Chief Judge Robert Katzmann said:
All of us here have a common concern: ensuring adequate legal representation of the immigrant poor. A courtroom has multiple players with different roles, but all would agree that adequate legal representation of the parties is essential to the fair and effective administration of justice. Deficient representation frustrates the work of courts and ill serves litigants. All too often, and throughout the country, courts that address immigration matters must contend with such a breakdown in legal representation, a crisis of massive proportions, with severe, tragic costs to immigrants and their families. For our nation’s immigrants, the urgent need for competent counsel in deportation proceedings has never been more critical. This nation’s immigrant representation problem is twofold: 1) there is a profound lack of representation, indicated by the fact that 40 percent of noncitizens in deportation proceedings do not have representation nationwide; and 2) in far too many deportation cases, the quality of counsel is substandard. Immigrants are easy prey for unscrupulous lawyers, who gouge their clients out of scarce resources and provide shoddy legal services. Nationwide, some 63% of immigrants do not have counsel, there being no right to appointed counsel in immigration court. For low income immigrants, having an attorney is the difference between being allowed to stay in this country and suffering catastrophic deportation.
Chief Judge Katzmann explained that his work on immigrant representation was guided by “Canon 4 of the Code of Conduct for United States Judges, which, to the extent that a judge’s time permits and impartiality is not compromised, encourages judges to contribute to the law, the legal system, and the administration of justice.”
Chief Judge Katzmann described two entities that he created to meet the need: the Study Group on Immigrant Representation and the Immigrant Justice Corps, “the nation’s first and only national fellowship program for recruiting and training lawyers to provide representation for the low-income immigrants. Chief Judge Katzmann said that in four years the Immigrant Justice Corps served more than 43,000 immigrants and their families.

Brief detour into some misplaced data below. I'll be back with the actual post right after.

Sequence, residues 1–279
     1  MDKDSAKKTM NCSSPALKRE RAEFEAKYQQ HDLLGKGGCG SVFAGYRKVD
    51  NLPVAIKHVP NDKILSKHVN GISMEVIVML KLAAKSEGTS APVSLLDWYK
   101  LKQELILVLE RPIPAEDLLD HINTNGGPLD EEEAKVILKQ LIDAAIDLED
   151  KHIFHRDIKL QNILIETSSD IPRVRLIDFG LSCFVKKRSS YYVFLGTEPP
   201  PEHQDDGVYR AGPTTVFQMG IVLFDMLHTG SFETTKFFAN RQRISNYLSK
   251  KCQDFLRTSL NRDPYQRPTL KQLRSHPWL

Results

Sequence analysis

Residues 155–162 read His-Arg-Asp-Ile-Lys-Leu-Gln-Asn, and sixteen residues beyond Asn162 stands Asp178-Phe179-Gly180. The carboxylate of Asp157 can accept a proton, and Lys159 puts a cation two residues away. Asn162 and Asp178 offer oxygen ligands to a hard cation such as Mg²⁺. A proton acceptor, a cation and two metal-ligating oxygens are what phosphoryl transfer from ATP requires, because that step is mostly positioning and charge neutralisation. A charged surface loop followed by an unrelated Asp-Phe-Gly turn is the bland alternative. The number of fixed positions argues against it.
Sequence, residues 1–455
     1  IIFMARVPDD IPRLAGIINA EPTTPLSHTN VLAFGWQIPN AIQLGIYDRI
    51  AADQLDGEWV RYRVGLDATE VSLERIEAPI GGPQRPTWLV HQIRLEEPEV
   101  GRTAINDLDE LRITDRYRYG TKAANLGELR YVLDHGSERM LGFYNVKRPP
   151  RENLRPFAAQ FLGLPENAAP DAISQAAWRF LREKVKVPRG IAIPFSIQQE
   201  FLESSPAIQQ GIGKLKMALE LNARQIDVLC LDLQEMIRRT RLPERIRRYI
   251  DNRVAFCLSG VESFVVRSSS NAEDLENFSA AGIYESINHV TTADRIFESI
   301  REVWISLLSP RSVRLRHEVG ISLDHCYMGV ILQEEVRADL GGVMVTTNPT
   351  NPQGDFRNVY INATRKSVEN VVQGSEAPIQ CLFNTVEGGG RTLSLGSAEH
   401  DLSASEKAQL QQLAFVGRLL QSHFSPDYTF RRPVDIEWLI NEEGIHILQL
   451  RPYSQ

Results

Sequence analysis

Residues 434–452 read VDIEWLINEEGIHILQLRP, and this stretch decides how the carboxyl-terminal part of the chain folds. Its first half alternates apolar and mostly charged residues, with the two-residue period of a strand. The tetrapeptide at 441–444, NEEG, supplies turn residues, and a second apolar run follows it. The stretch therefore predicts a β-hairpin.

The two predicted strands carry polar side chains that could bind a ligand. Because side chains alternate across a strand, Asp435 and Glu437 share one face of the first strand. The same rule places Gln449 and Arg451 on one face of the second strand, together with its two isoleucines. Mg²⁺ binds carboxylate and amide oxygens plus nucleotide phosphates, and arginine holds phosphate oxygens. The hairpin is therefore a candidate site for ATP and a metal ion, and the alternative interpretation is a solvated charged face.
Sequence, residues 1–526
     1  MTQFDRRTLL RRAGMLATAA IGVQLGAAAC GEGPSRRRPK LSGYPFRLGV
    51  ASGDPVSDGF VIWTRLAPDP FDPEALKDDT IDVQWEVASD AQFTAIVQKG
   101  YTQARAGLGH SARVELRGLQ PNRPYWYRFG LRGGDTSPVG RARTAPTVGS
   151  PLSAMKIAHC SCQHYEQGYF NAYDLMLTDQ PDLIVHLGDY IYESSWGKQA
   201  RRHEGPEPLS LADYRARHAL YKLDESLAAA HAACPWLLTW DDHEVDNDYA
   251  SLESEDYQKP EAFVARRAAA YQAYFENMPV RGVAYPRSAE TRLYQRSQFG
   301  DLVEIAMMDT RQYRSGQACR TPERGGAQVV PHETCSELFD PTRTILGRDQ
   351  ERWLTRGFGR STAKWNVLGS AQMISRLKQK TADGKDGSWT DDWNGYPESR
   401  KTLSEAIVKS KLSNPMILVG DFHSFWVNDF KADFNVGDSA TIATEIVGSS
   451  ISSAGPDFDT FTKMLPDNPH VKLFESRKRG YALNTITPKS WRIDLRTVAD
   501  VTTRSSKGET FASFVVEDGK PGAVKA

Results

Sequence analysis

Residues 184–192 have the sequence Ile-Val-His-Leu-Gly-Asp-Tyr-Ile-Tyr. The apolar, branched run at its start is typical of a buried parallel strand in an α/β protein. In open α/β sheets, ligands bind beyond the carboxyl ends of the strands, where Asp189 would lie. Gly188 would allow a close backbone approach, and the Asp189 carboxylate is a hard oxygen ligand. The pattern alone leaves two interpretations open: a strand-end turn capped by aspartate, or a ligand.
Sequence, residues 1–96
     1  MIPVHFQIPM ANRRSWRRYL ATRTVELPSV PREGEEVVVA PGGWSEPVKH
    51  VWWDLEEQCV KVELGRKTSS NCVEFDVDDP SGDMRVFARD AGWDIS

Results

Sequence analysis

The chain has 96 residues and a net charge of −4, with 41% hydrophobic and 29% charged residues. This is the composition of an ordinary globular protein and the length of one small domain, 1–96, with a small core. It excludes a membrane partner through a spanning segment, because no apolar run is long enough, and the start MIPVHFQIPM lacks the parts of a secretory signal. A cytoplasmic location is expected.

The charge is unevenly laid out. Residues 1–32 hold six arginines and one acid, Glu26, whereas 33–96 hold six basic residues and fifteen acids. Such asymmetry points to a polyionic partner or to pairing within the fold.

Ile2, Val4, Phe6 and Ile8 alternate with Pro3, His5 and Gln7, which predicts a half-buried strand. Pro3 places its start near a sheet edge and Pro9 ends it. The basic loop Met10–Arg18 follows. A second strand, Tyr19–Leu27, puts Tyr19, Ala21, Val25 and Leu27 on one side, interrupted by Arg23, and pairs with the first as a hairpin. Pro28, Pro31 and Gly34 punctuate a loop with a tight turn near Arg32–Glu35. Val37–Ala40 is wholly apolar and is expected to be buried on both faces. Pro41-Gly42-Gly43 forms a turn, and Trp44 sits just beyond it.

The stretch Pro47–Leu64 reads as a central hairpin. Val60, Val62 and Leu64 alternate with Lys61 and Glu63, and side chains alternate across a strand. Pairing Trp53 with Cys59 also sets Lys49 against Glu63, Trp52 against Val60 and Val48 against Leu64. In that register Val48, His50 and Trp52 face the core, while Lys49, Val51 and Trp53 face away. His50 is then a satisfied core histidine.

Chief Judge Katzmann opined:
Immigrants are largely a vulnerable population of human beings who come to this country in the hopes of a better life, often entering without knowledge of the English language or American culture, in economic deprivation and in fear. Too often, the lack of adequate counsel for immigrants all but eliminates their hopes to experience the American dream, to live with their families openly and with security, to contribute to their new country. This failure should be a concern for all of us.: I think we can all imagine our own ancestors or the ancestors of friends and relate to the anxieties of today’s newcomers. We are a nation of immigrants, whose contributions have been vital to whom we are and hope to be. As the son of an immigrant from Nazi Germany and the grandson of immigrants from Russia, I know from my own experience about family members who came to this country, dedicated themselves to this country, and made our great nation even stronger.
He believed that “quality representation is especially acute for immigrants.”
He emphasized that “justice should not depend upon the income level of immigrants. A lawyer’s duty to serve those unable to pay is not an act of charity or benevolence, but rather one of professional responsibility.”
So began his launch of a working group, the Study Group on Immigrant Representation, comprised of 70 lawyers from a range of law firms, non-profit entities, bar organizations, immigrant legal service providers, immigrant organizations, law schools, federal, state, and local governments and judicial colleagues. “The Study Group work has focused on three areas: (1) increasing pro bono activity of firms, especially at the outset of immigration proceedings; (2) improving mechanisms of legal service delivery; and (3) rooting out inadequate counsel and improving the quality of representation.”
The speeches and summaries of the workshops and closing plenary sessions are provided below: